Home » Industry » Mangudya Exorcises Zimdollar Ghost

RESERVE Bank of Zimbabwe (RBZ) governor John Mangudya has succeeded where his predecessor faltered: removing the Zimbabwean dollar and safeguarding the six-year-old multicurrency regime.

Since the replacement of the local unit by the multi-currency regime through the Finance (No.2) Act of 2009, the Zimbabwean dollar had remained in the system, fuelling speculation that it would be revived.

Last week, Mangudya announced that the local unit would be demonetised starting tomorrow under a programme that runs up to September 30. The programme is supported by a $20 million fund to be used to exchange the Zimdollar, with the central bank chief insisting that the process was not compensation but “housekeeping”.

Under the demonetisation process, bank account holders with balances of up to Z$175 quadrillion would be paid a flat $5.

Account holders with balances above Z$175 quadrillion would be paid the equivalent value after applying the UN exchange rate of $1 per Z$35 quadrillion or $1: Z$35 000 (revalued).

Mangudya said for walk-in customers, banks would exchange the Zimdollar at an exchange rate of Z$250 trillion per $1 for 2008 note series and for Z$250:$1 for 2009 notes.

He said the demonetisation process was to safeguard the integrity of the multiple currency system and critical “policy consistency and for enhancing consumer and business confidence”.

Analysts say demonetisation helps in boosting confidence in the multicurrency regime, adding that the “re-introduction of a new currency will not be a simple process”.

“However, RBZ needs to educate people about the demonetisation process to deal with the misconceptions and misinformation associated with Zimdollar,” a bank economist said, adding that government needs to continuously assure people that the multicurrency regime will remain for a long period.

The existence of the Zimdollar had caused headaches for the ministry of Finance with some policy makers calling for its return.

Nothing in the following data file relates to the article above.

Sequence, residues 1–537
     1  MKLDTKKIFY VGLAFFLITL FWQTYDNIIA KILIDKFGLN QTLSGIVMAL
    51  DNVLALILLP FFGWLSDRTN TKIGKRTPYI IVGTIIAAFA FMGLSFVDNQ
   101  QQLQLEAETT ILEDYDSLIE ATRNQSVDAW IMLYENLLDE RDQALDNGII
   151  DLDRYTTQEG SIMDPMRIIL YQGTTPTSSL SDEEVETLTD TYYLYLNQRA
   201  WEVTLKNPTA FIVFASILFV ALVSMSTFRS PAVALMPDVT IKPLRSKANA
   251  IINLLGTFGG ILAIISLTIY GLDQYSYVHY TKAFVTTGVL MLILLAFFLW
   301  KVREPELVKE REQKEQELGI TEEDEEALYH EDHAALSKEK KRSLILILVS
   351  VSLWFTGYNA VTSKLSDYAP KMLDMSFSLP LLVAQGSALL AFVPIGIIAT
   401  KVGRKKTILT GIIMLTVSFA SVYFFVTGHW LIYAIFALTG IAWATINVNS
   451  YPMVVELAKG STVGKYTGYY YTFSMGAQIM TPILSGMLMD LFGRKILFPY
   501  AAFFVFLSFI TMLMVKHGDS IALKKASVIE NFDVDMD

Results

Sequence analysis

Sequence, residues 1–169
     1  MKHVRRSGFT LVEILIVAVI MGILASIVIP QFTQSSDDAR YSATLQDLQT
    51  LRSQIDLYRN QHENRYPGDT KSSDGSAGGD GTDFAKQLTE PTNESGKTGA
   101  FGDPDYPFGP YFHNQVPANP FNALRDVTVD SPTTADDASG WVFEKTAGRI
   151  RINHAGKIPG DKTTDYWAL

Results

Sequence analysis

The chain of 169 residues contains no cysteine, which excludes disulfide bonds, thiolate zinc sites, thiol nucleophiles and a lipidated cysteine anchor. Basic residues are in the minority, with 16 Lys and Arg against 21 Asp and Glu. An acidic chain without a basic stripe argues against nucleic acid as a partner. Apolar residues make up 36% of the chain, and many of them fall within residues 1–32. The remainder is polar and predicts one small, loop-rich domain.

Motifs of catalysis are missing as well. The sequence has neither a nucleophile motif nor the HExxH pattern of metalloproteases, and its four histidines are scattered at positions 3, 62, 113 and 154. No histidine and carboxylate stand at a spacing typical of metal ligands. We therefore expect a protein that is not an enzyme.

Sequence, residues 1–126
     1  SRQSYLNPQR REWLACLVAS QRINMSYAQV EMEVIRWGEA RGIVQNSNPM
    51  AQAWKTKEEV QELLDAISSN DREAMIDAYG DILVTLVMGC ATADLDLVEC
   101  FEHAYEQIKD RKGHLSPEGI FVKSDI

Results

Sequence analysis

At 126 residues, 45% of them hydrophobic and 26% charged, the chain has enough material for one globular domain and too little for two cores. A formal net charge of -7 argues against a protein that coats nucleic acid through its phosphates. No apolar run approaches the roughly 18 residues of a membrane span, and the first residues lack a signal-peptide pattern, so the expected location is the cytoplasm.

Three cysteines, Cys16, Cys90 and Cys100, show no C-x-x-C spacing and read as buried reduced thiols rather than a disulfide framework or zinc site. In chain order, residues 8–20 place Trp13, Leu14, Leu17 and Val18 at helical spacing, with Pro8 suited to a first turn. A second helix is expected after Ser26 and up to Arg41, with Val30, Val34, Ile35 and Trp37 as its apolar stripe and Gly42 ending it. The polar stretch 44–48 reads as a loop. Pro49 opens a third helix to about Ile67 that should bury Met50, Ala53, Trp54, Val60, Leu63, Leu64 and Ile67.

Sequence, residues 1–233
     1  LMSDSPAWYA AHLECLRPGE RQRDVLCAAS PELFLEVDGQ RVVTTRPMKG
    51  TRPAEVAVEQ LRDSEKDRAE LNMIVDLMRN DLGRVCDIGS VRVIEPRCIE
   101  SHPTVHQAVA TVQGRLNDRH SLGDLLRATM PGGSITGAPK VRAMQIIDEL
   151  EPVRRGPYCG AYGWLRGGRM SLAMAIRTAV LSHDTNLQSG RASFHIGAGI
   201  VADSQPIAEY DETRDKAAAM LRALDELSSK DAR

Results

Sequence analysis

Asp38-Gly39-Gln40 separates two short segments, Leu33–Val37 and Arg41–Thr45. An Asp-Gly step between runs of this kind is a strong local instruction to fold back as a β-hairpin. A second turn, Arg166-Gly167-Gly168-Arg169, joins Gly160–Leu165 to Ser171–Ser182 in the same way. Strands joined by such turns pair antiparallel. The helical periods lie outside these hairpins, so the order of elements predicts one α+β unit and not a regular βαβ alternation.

Former Finance minister Tendai Biti spent the better time of his reign dispelling rumours that the local unit would come back.

“Maybe I should commit suicide for some people to believe me when I say the Zimbabwe dollar is not coming back,” Biti told a mining indaba in 2009.

Since 2009, there have been calls to revive the local unit. Former RBZ governor Gideon Gono said the country could introduce a gold backed currency, cautioning that it was not a return to the printing press.

“… what I am calling for is the guarded reintroduction of the Zimbabwe dollar where such a new currency will be fully backed by credible, tangible and locally available assets, such as gold, diamonds or platinum, among several other possibilities,” said Gono soon after the introduction of the multiple currency regime in 2009.

Some four years later, President Robert Mugabe called for the return of a gold-backed Zimdollar saying the US$ had brought misery especially to the rural folk.

“We will get to a point that we shall say no, we need to get back our Zimbabwean dollar. We shall do that and strengthen our dollar. We can strengthen it through gold if we have the gold that is kept at the Reserve Bank of Zimbabwe,” Mugabe said at the launch of the Zanu PF election manifesto.

“We shall mine a lot of gold that we have in the country so that it gives value to the Zimbabwean dollar so that it can be equivalent to the American dollar. One ounce of gold is over a thousand, just one ounce.”

Recently two Zanu PF legislators wanted to move a motion in Parliament for the return of the local unit due to the negative impact on industry of a g United States dollar against Zimbabwe’s main regional trading partner currencies.

Mberengwa East MP Makhosini Hlongwane was supposed to move the motion, supported by Buhera West legislator Oliver Mandipaka.

“We are concerned by the absence of Zimbabwe’s own local currency to drive economic growth and to protect the domestic industry, especially the manufacturing industry, and worried by the loss of jobs attributable to the strength of the US dollar against regional trading partner currencies,” the notice of the motion read.

Last week’s events effectively killed the prospects of such motions.

The use of the multi-currency regime is credited with stemming hyperinflation that officially reached 231 million percent although independent economists estimated the figure to be double.

Zimdollar leaves bitter memories: it was under the Zimdollar era that quintillion, quadrillion and sextillion became the buzzwords. It was under the Zimdollar era that Zimbabweans endured long bank queues, had to “burn” cash and money changers became the big boys in town.

Source : Zimbabwe Standard